The Venezuelan Supreme Court ruled Monday that any decisions made by the National Assembly will be void after the right-wing MUD alliance swore in three legislators last Wednesday who were suspended by the Supreme Court while an investigation is underway into voting irregularities in the state of Amazonas.
Members of the socialist PSUV slammed the move by the MUD for violating the constitution and called on the Supreme Court to take action.
“Absolutely null the acts of the National Assembly that have been pronounced, or will be pronounced, while the incorporation of the citizens subjected to the decision of Dec. 30, 2015 is maintained,” the verdict by the Supreme Court reads.
Former National Assembly president, Diosdado Cabello, welcomed the decision and the opportunity to debate it with the opposition.
“The Supreme Court sent out a ruling that makes it very clear that we are completely right; on the first day (Monday Jan. 5) when the National Assembly was installed they (MUD legislators) did not swear in the legislators from Amazonas, they had their reasons, and suddenly on Tuesday they did it anyway, entering into a violation and contempt of a decision by the maximum Supreme Court.”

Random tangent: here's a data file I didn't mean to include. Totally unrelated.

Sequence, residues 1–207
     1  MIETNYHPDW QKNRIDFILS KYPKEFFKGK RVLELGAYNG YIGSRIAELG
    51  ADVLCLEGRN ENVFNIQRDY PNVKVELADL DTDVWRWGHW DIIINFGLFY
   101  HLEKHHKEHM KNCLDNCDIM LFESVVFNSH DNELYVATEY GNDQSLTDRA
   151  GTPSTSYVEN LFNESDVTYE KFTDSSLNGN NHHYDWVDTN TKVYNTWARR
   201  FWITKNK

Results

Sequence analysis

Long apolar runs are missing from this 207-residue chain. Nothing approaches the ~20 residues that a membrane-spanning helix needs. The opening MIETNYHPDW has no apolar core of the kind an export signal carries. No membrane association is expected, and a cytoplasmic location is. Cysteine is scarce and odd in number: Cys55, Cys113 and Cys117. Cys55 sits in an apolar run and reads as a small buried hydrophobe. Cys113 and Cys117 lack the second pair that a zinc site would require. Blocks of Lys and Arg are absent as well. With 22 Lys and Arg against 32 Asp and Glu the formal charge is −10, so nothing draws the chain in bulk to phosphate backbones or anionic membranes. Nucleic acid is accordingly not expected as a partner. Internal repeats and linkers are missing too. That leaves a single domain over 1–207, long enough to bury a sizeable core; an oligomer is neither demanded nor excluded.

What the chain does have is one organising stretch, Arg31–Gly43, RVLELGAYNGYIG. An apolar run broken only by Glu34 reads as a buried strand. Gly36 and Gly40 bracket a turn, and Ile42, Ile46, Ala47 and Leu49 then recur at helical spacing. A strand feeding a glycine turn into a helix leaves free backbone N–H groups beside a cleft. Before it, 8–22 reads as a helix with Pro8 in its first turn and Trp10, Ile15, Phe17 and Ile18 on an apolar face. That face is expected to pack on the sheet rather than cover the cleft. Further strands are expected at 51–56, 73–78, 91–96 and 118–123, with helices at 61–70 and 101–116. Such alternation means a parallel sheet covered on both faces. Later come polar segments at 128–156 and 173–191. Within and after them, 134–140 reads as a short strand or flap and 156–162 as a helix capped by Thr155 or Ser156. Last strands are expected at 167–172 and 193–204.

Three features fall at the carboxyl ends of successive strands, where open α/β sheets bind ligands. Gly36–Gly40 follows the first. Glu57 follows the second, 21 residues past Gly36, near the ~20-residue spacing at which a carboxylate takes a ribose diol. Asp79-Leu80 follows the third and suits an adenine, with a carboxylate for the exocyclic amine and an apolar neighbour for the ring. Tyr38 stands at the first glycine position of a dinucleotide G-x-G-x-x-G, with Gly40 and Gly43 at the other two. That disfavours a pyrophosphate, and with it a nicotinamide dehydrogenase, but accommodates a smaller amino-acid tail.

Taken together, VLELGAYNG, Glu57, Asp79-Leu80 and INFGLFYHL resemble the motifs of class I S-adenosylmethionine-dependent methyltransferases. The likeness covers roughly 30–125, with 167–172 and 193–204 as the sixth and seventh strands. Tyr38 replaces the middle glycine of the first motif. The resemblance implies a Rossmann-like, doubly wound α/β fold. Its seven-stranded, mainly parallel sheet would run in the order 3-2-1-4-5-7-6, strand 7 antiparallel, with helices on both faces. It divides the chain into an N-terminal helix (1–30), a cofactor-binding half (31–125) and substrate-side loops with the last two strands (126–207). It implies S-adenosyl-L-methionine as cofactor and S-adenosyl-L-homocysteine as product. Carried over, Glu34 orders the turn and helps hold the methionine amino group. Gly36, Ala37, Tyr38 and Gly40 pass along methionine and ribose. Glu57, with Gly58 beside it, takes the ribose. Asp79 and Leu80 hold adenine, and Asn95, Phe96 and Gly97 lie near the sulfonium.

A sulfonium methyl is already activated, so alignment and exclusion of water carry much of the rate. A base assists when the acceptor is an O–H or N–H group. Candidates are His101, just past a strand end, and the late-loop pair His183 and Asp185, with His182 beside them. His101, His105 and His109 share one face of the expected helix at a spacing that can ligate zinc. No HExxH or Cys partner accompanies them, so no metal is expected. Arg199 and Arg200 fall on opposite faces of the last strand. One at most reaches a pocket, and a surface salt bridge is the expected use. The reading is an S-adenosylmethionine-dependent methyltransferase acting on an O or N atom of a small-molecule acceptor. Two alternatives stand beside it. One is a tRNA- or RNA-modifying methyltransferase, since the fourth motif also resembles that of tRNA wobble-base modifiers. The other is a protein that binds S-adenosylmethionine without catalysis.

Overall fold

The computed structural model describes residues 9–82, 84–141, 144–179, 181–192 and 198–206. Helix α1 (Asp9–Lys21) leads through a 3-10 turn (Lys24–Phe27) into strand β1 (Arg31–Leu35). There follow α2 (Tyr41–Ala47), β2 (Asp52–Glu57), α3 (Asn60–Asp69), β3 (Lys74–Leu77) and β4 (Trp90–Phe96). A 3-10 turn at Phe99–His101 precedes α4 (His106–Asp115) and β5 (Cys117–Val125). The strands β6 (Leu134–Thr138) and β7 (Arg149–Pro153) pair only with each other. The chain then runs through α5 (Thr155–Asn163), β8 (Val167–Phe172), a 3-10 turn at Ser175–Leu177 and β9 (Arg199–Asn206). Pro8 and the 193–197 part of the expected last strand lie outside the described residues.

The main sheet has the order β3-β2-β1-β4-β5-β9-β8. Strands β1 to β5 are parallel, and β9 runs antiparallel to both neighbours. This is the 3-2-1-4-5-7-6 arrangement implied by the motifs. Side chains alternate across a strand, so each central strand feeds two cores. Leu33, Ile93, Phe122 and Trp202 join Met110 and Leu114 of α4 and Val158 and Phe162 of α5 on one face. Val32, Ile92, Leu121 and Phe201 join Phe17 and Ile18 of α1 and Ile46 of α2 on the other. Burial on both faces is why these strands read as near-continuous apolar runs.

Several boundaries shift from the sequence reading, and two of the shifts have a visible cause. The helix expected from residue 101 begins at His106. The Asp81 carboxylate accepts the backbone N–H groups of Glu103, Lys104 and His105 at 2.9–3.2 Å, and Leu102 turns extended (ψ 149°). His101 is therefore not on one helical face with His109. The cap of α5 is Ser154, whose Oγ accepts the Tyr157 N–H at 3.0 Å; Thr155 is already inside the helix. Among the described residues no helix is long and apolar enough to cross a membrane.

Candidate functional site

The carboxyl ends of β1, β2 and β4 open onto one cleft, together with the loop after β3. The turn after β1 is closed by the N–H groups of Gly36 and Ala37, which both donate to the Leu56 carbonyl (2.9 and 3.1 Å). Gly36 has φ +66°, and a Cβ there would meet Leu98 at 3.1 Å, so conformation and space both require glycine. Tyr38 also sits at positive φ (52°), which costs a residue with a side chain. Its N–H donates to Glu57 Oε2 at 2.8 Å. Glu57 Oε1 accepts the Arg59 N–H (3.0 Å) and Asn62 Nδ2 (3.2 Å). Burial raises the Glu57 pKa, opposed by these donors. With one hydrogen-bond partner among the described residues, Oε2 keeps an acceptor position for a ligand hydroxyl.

“It would be good if they respect the constitution and the laws, and if we start a debate over the subject,” he told reporters.
The ruling means that the so-called Amnesty Law debated in the National Assembly Monday, a key goal of the opposition, will be disallowed.
The motion proposes the freeing of MUD politicians imprisoned for crimes including inciting violence, the most prominent of which is Leopoldo Lopez, who was jailed for his role in causing the 2014 right-wing violence that lead to 43 deaths.
On Dec. 30, 2015, the electoral chamber of the Venezuelan Supreme Court accepted a request to challenge the results of the Dec. 6 parliamentary elections in the states of Amazonas, Yaracuy and Aragua, as well as one of the seats reserved for Indigenous peoples.
The Supreme Court also accepted a request for an emergency measure in the state of Amazonas, which temporarily suspended the swearing in of four candidates, three from the opposition and one from the ruling socialist party.
The candidates who have submitted the challenge cite a number of electoral irregularities, including possible fraud, a high number of blank votes and, most importantly, vote buying.
WATCH: Venezuela's Opposition Has Violated the Constitution